Car loan delinquency and chargeoff rates are on the rise, ratings agencies report, as increased competition forces some banks to dig deeper into the credit spectrum to generate business.

Auto loan losses jumped 30% from last June to March, said Moody's Investors Service. According to the ratings agency's index of losses at major auto lenders, loss rates reached as high as 1.68% in February-the highest since the last recession.

"Loan performances have been weaker than expected," said Christina A. Cotton, senior credit officer at Moody's.

The source of the rising losses, she said, is similar to what's driving up credit card chargeoffs: More credit is being offered to more people who traditionally could not qualify.

Regional Financial Associates, West Chester, Pa., said nearly $376 billion of auto credits were outstanding at the end of the first quarter, a 34% increase since the beginning of 1994.

The rising losses that Moody's reported are "not unexpected" given that lenders industrywide are loosening standards to stay competitive, said Mark M. Zandi, chief economist at Regional Financial Associates.

"Perhaps lenders will tighten standards and slow the growth of lending," he said. "It might be therapeutic."

Bankers counter that the world of auto finance has gotten more competitive than ever in recent years with the rise of independent auto financiers. That makes generating more loans crucial for maintaining market share.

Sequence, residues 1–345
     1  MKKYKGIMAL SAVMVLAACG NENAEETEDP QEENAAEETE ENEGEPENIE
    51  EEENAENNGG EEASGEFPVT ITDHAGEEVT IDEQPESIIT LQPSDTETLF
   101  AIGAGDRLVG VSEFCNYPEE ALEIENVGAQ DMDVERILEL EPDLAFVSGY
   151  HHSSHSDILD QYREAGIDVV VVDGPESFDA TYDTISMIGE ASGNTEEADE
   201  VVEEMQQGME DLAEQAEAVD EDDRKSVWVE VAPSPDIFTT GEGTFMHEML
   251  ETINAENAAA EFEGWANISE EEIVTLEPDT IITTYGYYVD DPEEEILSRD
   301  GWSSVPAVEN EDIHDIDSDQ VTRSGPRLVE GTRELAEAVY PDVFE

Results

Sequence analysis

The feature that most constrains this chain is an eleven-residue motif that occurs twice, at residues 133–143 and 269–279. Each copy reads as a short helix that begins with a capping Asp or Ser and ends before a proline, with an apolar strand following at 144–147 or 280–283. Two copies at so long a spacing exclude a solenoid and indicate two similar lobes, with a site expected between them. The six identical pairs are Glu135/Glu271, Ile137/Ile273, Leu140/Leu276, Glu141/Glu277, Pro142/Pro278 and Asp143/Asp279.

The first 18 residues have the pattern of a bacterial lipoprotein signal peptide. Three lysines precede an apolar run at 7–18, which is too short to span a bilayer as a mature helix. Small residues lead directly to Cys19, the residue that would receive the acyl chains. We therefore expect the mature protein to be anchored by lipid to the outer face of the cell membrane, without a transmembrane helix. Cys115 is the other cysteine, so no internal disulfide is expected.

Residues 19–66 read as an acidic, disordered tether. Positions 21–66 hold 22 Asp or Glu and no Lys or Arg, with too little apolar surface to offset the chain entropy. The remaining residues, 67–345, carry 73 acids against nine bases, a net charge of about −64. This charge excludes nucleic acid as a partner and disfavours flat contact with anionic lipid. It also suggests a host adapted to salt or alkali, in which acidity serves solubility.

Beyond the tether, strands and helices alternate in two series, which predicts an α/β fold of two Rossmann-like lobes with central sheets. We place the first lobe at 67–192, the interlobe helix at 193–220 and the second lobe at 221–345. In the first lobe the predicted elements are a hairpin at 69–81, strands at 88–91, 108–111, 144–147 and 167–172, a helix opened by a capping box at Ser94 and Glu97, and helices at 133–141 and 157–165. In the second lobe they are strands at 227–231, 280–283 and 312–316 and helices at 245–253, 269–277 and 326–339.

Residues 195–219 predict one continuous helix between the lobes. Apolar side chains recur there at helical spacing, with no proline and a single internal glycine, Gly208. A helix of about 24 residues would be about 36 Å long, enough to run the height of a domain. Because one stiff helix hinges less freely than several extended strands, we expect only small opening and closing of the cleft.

"This is a competitive market," said Dan Winkler, chief executive of Finance One, a subsidiary of Banc One Corp. "No one outside the (auto makers) has more than 2% market share."

Although banks insist they still focus on customers with good credit- only 1.8% of Banc One's $17 billion auto loan portfolio is subprime-they have responded to the growth of independent auto finance companies by imitating a few of their tricks.

Companies like Union Acceptance Corp. and Arcadia Financial Ltd., which specialize in making auto loans to consumers who could qualify for bank loans, attract business by offering longer terms and lower monthly payments. Banks, ratings agency analysts said, have been forced to follow suit.

The rapid rise in auto leasing programs also has forced banks to start making loans for more used cars coming off leases. According to Moody's, 35% of the car loans in portfolios securitized by banks are for used cars, more than double the rate of 1994.

Consumers default on used-car loans more often than they do for new cars, said Ms. Cotton of Moody's.

To date, the rising chargeoffs have not caused problems for investors in prime-quality auto loan asset-backed securities, as they have in credit cards. Spreads have remained as tight as ever, traders said, and banks have taken steps ensure investor confidence by increasing reserves supporting the securities.

After its chargeoffs reached 2.36% this spring, Banc One deposited enough cash to boost reserves by 500 basis points.

But the rise in losses was caused less by lending practices than by the bank's consolidating its auto loan collection centers to four from 27, said Barrett Burns, chief credit officer at Banc One. "We knew there would be some pain when we did that," he said.

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